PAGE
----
An honorary Caesar for Cate Blanchett! That’s what warmed our hearts. As if the mere presence of this great lady of the cinema, with her intelligence above the fray, her fascinating magnetism, was already a promise of happiness. As if a close-up on her was enough to make us happy. Her feline smile, the magical sparkle of her aquamarine gaze, full of stars, the glamorous blonde and her pink complexion… “A special effect in itself,” a journalist once said of this luminous wonder of a woman, who, at 52, seems to be constantly getting younger. And this elegance, worthy of the greatest Hollywood goddesses! When host Jimmy Fallon asked her about the honorary trophy awarded to her by the French Académie des César, she exclaimed happily: “French cinema has influenced me so much!”

And what a career! From her beginnings as a “messy young girl terrified of sophisticated women”, as she says, the journey is dizzying. “I was born in Melbourne, my father was Texan and my mother Australian. Just before entering university to study fine arts, I traveled for a year. In Italy, I slept in convents, I was fascinated by the nuns.” In Egypt, she did some extras in a film about boxing! When she returned to Australia, she discovered her vocation: the theatre. While rising the wave of Australian stars, Nicole Kidman and Russell Crowe, she graduated from the National Institute of Dramatic Art in Sydney. The movie theater? “Frankly, I could stop cinema. I would also be happy staying at home knitting,” says the divine, who, against all odds, readily shows herself to be schoolboy, full of playfulness, and very rock’n’roll. Let’s not forget that she played the role of Bob Dylan! “But the desire to transcend is always stronger. Becoming an actress stabilized me. The mystery and unpredictability of this job suits me well. Being an actress consists above all in not being interested in oneself, but in taking the point of view of a gallery of characters that I carry around with me. What I like above all is to go against the current.”

When does an actor’s roles merge with her life? Two Oscars (best supporting role in 2005 for The Aviator, best actress in 2014 for Blue Jasmine), four children (three sons now teenagers and a daughter), a husband she describes as a “legend”: the friendly screenwriter and director Andrew Upton, with whom she ran the Sydney Theater Company. Conquering Hollywood and staying away from it – half in the picturesque suburbs of Sydney, half in England – is only given to the greatest. And all these crazy and impossible bets of a chameleon actress, starting with that, sumptuous, of Queen Elizabeth, a role that would crown her on the international scene at 29 years old. And propelling her to Todd Haynes, Jim Jarmusch, Woody Allen, Martin Scorsese, David Fincher, Terrence Malick… which in no way prevented her from conquering mainstream cinema! The Lord of the Rings and The Hobbit trilogy, of course, but also Indiana Jones and the Kingdom of the Crystal Skull, Thor: Ragnarok (role of evil creature acclaimed by her sons), Ocean’s 8, Cinderella, several animated films…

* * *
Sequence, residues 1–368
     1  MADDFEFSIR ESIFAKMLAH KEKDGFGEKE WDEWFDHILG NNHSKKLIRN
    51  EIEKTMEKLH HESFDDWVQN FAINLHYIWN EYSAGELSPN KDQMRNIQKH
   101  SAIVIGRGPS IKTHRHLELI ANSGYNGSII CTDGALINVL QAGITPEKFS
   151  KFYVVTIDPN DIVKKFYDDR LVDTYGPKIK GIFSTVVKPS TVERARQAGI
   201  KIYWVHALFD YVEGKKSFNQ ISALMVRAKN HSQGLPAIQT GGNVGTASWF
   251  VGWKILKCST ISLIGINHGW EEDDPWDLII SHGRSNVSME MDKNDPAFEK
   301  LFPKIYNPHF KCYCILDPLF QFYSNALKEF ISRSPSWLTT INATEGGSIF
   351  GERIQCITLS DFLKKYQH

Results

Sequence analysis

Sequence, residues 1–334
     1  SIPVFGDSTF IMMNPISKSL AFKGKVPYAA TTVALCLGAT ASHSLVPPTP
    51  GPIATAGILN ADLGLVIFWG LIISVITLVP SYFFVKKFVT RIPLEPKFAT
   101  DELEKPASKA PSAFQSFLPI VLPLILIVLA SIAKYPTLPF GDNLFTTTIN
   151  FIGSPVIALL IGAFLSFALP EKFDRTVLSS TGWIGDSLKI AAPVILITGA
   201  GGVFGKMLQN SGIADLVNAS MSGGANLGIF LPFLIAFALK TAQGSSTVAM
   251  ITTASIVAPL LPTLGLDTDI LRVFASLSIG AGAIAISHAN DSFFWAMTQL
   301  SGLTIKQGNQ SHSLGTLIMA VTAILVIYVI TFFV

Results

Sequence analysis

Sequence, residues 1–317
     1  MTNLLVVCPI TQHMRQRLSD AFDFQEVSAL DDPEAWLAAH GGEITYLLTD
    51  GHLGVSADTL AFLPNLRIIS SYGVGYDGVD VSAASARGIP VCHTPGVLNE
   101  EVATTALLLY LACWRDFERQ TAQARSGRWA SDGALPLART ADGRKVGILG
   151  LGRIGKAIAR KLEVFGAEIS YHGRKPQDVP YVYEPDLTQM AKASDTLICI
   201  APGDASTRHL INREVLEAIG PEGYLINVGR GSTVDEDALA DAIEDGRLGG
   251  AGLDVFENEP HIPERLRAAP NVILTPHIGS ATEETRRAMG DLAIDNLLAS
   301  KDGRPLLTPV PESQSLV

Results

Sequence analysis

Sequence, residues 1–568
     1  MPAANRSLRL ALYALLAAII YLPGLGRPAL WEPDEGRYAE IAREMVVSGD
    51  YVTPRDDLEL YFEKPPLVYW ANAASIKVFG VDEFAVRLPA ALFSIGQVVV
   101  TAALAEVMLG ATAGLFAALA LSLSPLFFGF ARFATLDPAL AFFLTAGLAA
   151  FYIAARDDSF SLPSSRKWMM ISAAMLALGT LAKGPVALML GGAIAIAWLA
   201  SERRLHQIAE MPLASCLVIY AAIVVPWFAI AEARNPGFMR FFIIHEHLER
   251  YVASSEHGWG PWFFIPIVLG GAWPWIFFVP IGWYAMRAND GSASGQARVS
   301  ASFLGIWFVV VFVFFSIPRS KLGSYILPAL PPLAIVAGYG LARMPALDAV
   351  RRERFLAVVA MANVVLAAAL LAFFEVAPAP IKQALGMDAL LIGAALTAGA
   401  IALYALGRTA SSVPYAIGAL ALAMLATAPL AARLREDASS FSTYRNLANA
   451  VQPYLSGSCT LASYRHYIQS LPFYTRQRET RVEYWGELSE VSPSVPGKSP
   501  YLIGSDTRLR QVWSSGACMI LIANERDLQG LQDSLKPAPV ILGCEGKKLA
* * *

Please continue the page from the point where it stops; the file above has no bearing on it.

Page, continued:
Last year, Cate Blanchett fiercely defended a feature film, Apples, to help its director. This year, she has already blown us away in two shocking roles: overly tanned TV host and ultra-bright teeth in Adam McKay’s Don’t Look Up. And a femme fatale, limping and bamboozling Bradley Cooper, in Nightmare Alley, by Guillermo del Toro . Two films nominated for the Oscars. We will also see her again soon in Borderlands, a science fiction by Eli Roth, who had already directed her in the children’s film The House with Clocks in Its Walls . And in Tár from Todd Field, where she plays an orchestra conductor. “I don’t choose my roles, they choose me. Of course I really wanted to act with Bradley Cooper! But, at the end of the day, it’s always the director first. When someone like Guillermo, for whom I also did a voice in Pinocchio, calls me, I go for it! It is the directors who provoke the momentum, the desire for an encounter, the desire to immerse themselves in their world and to come back from it larger.”

Among her dreams as filmmakers, two are coming true. Cate Blanchett will be the heroine of the first film in English by Pedro Almodóvar: A Manual for Cleaning Women based on the novel by Lucia Berlin: the story of a woman who has known a thousand lives. And, after having worked with the other two amigos, Alejandro González Iñárritu (Babel) and del Toro, she will turn under the direction of Alfonso Cuarón in the Disclaimer series: there she will be a journalist, threatened when her own secrets are revealed by a novelist played by Kevin Kline. Cate Blanchett is co-producing both projects through her own production company, Dirty Films.

It is also under this banner that she produced and adapted, two years ago, two series reflecting her humanitarian commitment: Mrs. America and Stateless . The first deals head-on with feminism. Cate Blanchett, it should be remembered, is one of the great figures of #Mee Too in Hollywood. The other series, based on a true story, denouncing Australia’s immigration policy. “The more the world regresses, the more I have to get involved,” says the one who was appointed Goodwill Ambassador for the United Nations High Commissioner for Refugees in 2016. “We must keep hope, especially for the younger generation, but , and it’s the same for the climate, I am appalled by the fight to be led. When we were filming Don’t Look Up, we hadn’t realized how much our satire was becoming a realistic documentary!” And if Cate Blanchett, when she presided over Venice, had chosen to wear only “recycled” outfits, it was not to lecture. “To encourage each of us,” she insists, “when we can, to do our part.” Feet in reality, head in the stars! Latest news is that Ms. Blanchett set to add a private art gallery to her Victorian mansion in Sussex. A wing to replace an old shed, with preservation of the bats that lived there… This new building, dedicated to the actress’ contemporary art collection will also include a meditation space and a studio for her rehearsals. When we tell you that Cate Blanchett is a bit of a rock star!